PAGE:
Sugar Pine message of encouragement

I was given the opportunity last week to talk to Sugar Pine staff as part of their weekly devotional time, and chose to talk about FOCUS.

When I worked at Sugar Pine in 2002 and 2003, leadership awarded bricks based on character traits at the end of one of the summers.  I was awarded “focus,” because I was almost always focused on the kids. Thus, I used that word as an acronym for the message I wanted to deliver. I also included usually a biblical application or humorous/serious story for each of the themes to tie it all together and be somewhat more engaging than a 33 year old bald guy talking to 18 year olds.

Forgiveness: I once had a camper who was very, VERY excited to be at camp. He was so excited in fact he grabbed someone’s bug spray and sprayed it around the cabin like champagne after the world series. Unfortunately a kid next to him also got a mouthful. As he frantically indicated he could not breathe, I ran up the hill to the restroom and nurse’s station to wash out his mouth. The student said he forgave the “celebratory” kid and also thanked, “Brandon from saving my life.” The two had a moment of saying sorry and they actually became friends going through the scary moment together. While I have never sprayed bug spray intentionally in someones mouth, I have been involved in conflict with others. Often difficult relationships and situations end up forging the closest of bonds. We have to let down our guard and make forgiveness be the mantra not bitterness.

Outward : There’s an interesting story in Exodus 33 where Moses is asking God how others will know that God is with them. God says basically you’ll know because “I am God.” Well, Moses wants more and challenges with “Show me your glory.” Moses sees the end of God’s glory and his face shone like the sun to the people. I tried to tell them how so often working at Camp is a chance to be God’s love to people. To be drama-free, to smile, to take advantage of the small acts of kindness that can make a persons day and let them know they are loved.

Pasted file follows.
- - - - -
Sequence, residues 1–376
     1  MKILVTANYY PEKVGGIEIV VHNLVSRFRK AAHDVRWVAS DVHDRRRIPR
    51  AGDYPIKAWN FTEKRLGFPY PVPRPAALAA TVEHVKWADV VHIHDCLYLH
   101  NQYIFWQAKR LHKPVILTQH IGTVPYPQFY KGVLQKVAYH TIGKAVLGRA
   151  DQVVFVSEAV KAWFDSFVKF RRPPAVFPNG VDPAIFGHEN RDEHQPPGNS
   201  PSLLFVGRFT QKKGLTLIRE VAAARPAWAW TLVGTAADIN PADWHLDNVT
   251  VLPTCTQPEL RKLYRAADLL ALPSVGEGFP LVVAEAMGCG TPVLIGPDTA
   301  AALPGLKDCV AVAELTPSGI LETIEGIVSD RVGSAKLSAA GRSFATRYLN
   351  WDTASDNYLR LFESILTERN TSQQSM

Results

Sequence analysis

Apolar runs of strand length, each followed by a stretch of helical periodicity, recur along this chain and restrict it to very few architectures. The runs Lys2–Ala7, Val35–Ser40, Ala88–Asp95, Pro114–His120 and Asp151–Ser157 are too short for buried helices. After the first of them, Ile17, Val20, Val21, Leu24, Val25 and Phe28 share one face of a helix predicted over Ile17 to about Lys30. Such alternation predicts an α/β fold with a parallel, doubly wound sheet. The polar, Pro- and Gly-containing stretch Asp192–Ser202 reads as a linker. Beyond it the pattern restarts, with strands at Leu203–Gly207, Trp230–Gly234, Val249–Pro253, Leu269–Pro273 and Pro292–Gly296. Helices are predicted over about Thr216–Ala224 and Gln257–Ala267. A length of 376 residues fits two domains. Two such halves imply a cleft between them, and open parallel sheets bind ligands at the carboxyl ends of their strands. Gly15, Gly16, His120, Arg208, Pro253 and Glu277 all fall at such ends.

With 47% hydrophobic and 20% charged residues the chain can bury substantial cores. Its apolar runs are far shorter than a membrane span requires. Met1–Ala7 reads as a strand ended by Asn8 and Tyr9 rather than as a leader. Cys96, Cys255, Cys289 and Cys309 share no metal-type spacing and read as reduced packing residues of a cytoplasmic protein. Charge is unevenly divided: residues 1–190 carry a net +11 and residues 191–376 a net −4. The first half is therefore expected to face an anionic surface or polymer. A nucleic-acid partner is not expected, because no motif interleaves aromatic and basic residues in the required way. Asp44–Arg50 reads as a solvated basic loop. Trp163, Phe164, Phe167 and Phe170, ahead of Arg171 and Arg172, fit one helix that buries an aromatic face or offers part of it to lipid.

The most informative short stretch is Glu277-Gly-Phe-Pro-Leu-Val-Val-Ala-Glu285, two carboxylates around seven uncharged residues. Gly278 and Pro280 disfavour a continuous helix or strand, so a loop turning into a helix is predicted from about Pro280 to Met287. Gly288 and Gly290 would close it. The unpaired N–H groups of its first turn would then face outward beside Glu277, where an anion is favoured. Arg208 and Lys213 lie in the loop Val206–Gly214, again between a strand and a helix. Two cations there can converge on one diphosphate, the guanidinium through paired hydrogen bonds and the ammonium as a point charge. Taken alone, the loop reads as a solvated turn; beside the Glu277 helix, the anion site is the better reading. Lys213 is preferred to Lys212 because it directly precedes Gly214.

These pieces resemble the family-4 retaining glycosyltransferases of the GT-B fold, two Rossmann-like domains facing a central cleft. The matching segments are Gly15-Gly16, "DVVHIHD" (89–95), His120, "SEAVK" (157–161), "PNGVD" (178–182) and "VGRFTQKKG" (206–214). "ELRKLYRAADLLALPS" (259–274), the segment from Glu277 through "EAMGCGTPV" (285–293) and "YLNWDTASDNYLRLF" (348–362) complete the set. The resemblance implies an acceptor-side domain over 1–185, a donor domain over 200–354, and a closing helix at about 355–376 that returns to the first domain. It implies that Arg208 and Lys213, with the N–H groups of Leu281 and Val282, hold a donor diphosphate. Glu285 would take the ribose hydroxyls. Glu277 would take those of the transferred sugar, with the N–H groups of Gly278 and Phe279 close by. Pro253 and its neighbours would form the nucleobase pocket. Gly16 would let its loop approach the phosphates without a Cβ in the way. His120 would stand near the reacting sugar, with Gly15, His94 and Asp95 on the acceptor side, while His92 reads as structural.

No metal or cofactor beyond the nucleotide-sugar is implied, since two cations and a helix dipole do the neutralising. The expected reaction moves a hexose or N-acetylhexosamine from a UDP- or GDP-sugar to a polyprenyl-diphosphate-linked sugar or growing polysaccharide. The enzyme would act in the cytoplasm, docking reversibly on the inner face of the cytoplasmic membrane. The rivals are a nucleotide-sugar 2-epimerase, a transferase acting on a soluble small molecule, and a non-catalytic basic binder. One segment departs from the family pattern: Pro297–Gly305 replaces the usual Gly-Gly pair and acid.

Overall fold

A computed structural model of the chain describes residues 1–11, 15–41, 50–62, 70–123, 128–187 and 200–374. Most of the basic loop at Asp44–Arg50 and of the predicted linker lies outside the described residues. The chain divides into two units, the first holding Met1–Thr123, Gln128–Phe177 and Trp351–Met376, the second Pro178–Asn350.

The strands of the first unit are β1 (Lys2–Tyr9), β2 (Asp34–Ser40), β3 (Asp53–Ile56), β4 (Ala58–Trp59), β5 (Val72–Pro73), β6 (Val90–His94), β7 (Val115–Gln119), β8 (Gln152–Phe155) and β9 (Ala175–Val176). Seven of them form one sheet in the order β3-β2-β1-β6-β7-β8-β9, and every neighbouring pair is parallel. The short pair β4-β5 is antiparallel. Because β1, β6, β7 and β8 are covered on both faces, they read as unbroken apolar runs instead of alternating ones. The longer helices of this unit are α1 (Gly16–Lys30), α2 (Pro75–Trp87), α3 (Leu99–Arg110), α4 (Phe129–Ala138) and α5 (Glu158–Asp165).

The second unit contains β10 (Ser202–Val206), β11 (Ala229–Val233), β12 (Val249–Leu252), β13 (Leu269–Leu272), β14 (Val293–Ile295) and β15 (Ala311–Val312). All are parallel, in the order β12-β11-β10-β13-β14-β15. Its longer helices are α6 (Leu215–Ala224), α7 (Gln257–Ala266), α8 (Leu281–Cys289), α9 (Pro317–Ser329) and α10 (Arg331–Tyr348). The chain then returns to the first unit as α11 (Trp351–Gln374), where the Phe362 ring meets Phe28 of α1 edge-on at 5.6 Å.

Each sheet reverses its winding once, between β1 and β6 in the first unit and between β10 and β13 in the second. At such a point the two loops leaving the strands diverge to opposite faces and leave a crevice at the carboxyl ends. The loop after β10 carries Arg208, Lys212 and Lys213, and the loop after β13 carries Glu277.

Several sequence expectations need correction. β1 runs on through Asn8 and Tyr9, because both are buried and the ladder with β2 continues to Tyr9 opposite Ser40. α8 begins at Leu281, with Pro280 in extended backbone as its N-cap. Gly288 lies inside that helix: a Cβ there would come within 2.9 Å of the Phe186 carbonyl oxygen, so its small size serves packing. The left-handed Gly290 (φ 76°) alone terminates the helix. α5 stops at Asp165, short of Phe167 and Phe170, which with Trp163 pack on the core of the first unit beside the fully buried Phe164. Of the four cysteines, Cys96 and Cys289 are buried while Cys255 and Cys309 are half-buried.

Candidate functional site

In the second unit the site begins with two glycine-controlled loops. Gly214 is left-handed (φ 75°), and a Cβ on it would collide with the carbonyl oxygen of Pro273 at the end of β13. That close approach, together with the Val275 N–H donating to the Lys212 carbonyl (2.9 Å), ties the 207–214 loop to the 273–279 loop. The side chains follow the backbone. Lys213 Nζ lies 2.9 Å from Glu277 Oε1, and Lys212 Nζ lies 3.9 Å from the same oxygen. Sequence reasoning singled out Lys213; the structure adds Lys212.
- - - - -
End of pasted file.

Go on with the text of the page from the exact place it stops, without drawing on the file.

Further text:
Complacency in our jobs, our relationships, our lives. As camp staff, we could be interacting with students who didn’t want to go to camp but were forced too, we could be interacting with kids that have gone to church all of their lives but have never really known what it means to be a Christian… we don’t know and we shouldn’t act differently. Every day we should be treating kids as if it’s their only chance the whole summer to meet people who are filled with God’s spirit of love, peace, patience, kindness, gentleness…

Undeniable: gods role in our lives and the lives of our campers. Camp is great but not always real life. It’s easy to get distracted from what God is doing in our lives – whether we think it’s ourselves or other factors. But one thing I have always found is much like Elijah looking for God in the earthquake, then the fire – He is often found in a whisper (1 Kings 19). We need to make time to be still with no agenda.

Sarcasm kills relationships. This was and still is a bit of a catchphrase at camp! Yet over my years of working with people in close environments, so true! Especially for a guy like myself who is pretty serious most of the time, when I am trying to joke or be sarcastic – people don’t get it or outwardly show they see the truth in my statement. It’s not a good place to be – I’d rather just be truthful and not resort to aggressiveness hidden behind cleverness.

Thanks Chrissy for letting me come talk to what seemed like a great group of camp staff!

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